By Supantha Mukherjee and Essi Lehto
STOCKHOLM (Reuters) – Nokia on Tuesday announced plans to cut up to 10,000 jobs within two years to trim costs and invest more in research capabilities, as the Finnish telecoms group seeks to step up its challenge to Sweden’s Ericsson and China’s Huawei.
After taking over the top job last year, Chief Executive Pekka Lundmark has been making changes to recover from product missteps under the company’s previous management that hurt its 5G ambitions and dragged on its shares.
He announced a new strategy in October, under which Nokia will have four business groups and said the company would “do whatever it takes” to take the lead in 5G, as it banks on also capturing share from Huawei.
Lundmark is expected to present his long-term strategy, discuss action plans and set financial targets during the company’s capital markets day on Thursday.
The company said in a statement it expects about 600 million euros ($715 million) to 700 million euros of restructuring and associated charges by 2023.
“Decisions that may have a potential impact on our employees are never taken lightly,” Lundmark said in a statement. “My priority is to ensure that everyone impacted is supported through this process.”
Nokia currently has 90,000 employees, and has cut thousands of jobs following its acquisition of Alcatel-Lucent in 2016.
It expects the current restructuring to lower its cost base by about 600 million euros by the end of 2023. Half of the savings are expected to be realised in 2021.
“These plans are global and likely to affect most countries,” a Nokia representative said. “In Europe, we have only just informed local works councils and expect the consultation processes to start shortly, where applicable.”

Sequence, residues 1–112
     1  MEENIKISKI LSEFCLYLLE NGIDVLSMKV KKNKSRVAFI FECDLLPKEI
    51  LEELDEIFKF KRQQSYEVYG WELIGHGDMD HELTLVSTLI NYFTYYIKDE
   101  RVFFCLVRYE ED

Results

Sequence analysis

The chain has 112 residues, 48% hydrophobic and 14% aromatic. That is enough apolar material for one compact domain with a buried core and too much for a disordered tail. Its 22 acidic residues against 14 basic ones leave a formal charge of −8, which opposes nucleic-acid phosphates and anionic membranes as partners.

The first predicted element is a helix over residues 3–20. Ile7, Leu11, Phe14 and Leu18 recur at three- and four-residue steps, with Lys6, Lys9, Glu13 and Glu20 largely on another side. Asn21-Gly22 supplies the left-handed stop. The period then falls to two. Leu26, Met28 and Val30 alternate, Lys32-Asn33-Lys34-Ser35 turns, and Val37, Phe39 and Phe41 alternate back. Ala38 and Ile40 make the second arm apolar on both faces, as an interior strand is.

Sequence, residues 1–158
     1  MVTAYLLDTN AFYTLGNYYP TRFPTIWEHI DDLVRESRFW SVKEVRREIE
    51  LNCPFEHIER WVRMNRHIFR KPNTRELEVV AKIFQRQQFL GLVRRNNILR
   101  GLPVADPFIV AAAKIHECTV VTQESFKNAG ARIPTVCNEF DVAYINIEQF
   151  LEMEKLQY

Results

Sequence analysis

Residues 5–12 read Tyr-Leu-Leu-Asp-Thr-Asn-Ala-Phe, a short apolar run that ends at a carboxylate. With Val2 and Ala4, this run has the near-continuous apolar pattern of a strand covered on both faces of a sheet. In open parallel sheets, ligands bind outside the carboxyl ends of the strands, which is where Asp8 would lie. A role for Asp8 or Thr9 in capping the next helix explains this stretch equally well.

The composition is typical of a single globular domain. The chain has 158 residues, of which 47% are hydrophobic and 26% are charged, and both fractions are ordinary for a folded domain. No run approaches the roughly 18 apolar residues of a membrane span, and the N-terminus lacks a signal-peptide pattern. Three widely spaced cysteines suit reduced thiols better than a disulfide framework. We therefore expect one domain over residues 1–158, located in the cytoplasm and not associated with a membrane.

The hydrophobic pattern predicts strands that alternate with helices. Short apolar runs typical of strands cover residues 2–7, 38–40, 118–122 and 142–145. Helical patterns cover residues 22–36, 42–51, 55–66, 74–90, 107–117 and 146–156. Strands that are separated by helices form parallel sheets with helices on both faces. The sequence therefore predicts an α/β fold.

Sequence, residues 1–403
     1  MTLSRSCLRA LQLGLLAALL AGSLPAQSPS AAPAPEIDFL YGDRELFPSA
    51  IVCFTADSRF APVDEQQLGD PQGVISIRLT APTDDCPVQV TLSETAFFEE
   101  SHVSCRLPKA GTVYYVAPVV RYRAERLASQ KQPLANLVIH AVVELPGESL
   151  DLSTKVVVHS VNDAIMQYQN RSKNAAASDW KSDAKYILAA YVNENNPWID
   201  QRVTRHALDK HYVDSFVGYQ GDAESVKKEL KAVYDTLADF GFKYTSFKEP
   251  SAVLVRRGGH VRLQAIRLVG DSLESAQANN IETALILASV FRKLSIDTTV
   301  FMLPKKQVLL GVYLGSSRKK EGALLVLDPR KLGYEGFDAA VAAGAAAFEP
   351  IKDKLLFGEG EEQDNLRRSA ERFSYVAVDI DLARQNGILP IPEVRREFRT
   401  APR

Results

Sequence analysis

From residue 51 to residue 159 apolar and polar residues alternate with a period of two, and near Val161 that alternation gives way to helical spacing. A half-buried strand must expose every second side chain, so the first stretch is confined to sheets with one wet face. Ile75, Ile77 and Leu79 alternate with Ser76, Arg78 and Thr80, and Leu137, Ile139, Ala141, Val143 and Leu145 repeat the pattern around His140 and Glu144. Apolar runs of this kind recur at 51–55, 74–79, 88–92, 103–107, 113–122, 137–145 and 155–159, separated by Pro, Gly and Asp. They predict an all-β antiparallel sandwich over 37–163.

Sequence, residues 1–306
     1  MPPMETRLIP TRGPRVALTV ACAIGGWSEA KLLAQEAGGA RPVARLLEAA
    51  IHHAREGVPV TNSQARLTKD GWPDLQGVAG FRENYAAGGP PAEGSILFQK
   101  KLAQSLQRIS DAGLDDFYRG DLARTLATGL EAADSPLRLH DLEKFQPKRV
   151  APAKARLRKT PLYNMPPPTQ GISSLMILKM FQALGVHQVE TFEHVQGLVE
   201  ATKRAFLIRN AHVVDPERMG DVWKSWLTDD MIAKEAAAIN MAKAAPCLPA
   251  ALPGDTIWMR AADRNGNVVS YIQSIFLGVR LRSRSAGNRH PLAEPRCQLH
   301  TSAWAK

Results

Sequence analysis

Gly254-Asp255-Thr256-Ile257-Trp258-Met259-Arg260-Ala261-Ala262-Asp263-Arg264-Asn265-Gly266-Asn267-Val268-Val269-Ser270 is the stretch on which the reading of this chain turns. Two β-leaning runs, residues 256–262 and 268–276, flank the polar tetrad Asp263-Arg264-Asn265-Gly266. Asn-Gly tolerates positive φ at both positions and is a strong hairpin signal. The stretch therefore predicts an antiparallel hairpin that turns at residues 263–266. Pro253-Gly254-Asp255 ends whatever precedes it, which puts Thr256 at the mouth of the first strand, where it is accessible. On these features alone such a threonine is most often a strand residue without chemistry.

France, where Nokia cut more than a thousand jobs last year, was excluded from the current restructuring.
The savings programme is bigger than expected but what is interesting is that it will not actually result in lower costs, said Sami Sarkamies, an analyst with Nordea.
“The company is shifting focus from general costs to research and development which is expected to result in growth and better margins in the future,” he said.
Nokia plans to increase investments in research and development and future capabilities including 5G, cloud and digital infrastructure.
Under Lundmark’s predecessor, Nokia had slashed its profit outlook and halted dividend payouts, after product missteps knocked more than a fifth off its market value.
In February Nokia forecast 2021 revenue to fall to between 20.6-21.8 billion euros ($25-26 billion) from 21.9 billion euros in 2020.
While both Nokia and Ericsson have been gaining more customers as more telecom operators start rolling out 5G networks, the Swedish company has got an edge partly due to it winning 5G radio contracts in China.
Nokia has not won any 5G radio contract in China and had also lost out to Samsung Electronics on a part of a contract to supply 5G equipment to Verizon.
Nokia shares were down marginally in morning trade.
($1 = 0.8389 euros)
(Reporting by Supantha Mukherjee in Stockholm and Essi Lehto in Helsinki; editing by Niklas Pollard and David Evans)